What can we learn from the experiences of consultants around the time of a child's death?

Child Care Health Dev. 2008 Nov;34(6):732-9. doi: 10.1111/j.1365-2214.2008.00875.x.


Aims: To describe how paediatric consultants report dealing with child and neonatal deaths as part of their daily work.

Background: Paediatric consultants are involved with children and their families facing death through illness. This study focused on consultant's involvement around the time of death including: decision making and its associated difficulties, talking to parents and the use of coping strategies. Consultants with more than 5 years experience were asked what experience has taught them and consultants with less that 5 years experience were asked what they felt was the biggest change from being a registrar.

Methods: Following Multicentre Research Ethics Committee (MREC) approval a pre-piloted self-administered questionnaire (with one reminder) was sent to 100 of the paediatric consultants within the South West Region.

Results: There was a 61% response rate. Most consultants had experienced a variety of opinions when talking to parents about when to withdraw or withhold life sustaining treatment. Uncertainty (39%) and disagreement (44%) made decision making difficult. Discussion with colleagues (41%), 'honesty and time with parents' (28%) and planning or 'stage managing' talking with parents (38%) were well used strategies to deal with this. New consultants find responsibility and decision making the biggest change from being a registrar.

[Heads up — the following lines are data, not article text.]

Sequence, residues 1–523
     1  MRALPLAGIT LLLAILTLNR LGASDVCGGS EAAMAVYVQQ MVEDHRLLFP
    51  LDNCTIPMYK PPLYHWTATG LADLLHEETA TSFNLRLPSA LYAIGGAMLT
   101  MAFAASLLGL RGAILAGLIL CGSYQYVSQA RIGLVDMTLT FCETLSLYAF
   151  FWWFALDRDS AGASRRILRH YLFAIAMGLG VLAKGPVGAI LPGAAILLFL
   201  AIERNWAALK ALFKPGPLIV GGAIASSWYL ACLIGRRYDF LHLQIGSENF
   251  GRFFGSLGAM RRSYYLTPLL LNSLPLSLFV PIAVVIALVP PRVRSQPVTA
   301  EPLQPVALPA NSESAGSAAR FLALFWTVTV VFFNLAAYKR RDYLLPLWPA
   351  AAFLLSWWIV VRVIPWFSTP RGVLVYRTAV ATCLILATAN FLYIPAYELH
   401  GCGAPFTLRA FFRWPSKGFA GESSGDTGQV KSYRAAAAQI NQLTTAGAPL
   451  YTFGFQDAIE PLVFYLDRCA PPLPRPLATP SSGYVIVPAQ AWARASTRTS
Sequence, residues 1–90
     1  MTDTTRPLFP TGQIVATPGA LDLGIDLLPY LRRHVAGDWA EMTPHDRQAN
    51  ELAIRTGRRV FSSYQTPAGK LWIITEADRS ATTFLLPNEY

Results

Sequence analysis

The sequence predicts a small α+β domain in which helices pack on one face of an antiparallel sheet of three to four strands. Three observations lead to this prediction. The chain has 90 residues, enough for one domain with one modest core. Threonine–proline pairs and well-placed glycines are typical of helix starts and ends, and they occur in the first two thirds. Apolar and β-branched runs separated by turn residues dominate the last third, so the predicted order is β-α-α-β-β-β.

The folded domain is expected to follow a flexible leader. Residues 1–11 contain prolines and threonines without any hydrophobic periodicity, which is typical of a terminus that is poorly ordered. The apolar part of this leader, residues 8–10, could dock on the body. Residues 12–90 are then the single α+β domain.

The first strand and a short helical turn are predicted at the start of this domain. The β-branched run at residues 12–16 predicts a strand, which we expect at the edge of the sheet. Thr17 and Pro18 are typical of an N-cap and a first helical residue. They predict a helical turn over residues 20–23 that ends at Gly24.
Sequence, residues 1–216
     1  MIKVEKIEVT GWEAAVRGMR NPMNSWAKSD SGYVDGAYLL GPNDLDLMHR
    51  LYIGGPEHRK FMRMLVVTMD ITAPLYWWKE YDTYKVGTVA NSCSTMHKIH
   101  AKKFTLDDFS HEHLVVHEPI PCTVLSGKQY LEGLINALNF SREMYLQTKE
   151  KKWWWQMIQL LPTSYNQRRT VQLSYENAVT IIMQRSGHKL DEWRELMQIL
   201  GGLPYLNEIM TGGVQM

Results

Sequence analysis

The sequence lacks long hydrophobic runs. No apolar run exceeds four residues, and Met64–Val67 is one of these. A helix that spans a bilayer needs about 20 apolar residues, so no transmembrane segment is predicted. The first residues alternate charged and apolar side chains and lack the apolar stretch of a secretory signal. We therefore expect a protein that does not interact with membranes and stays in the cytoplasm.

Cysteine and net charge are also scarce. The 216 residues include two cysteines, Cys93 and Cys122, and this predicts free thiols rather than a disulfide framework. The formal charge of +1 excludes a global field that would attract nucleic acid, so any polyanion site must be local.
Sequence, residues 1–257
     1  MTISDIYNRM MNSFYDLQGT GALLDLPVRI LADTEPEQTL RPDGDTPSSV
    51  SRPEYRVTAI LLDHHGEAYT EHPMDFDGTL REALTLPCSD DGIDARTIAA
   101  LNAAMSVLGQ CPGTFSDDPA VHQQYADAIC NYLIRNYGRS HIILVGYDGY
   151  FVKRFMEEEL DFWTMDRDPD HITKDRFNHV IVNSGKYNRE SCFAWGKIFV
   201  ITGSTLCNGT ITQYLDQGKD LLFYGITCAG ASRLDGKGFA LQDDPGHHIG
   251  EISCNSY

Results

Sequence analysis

Conclusions: We can learn much from the experiences of consultants around the time of a child's death. Their approach during resuscitation and withdrawal or withholding life sustaining treatment describes many strategies that have been developed to ease the often complex decision-making process. Although consultants have built up personal support networks and individual coping strategies many recognize that these are not all encompassing and some harbour unresolved feelings of grief. Enabling health professionals to genuinely care, 'giving oneself totally yet preserving oneself totally' remains a challenge.

Publication types

  • Multicenter Study

MeSH terms

  • Adaptation, Psychological*
  • Attitude to Death*
  • Child
  • Child, Preschool
  • Consultants
  • Decision Making*
  • Female
  • Humans
  • Infant
  • Infant, Newborn
  • Male
  • Patient Care Team
  • Pediatrics*
  • Professional Practice / organization & administration*
  • Professional-Family Relations
  • Resuscitation Orders / psychology
  • Stress, Psychological / etiology
  • Surveys and Questionnaires
  • Withholding Treatment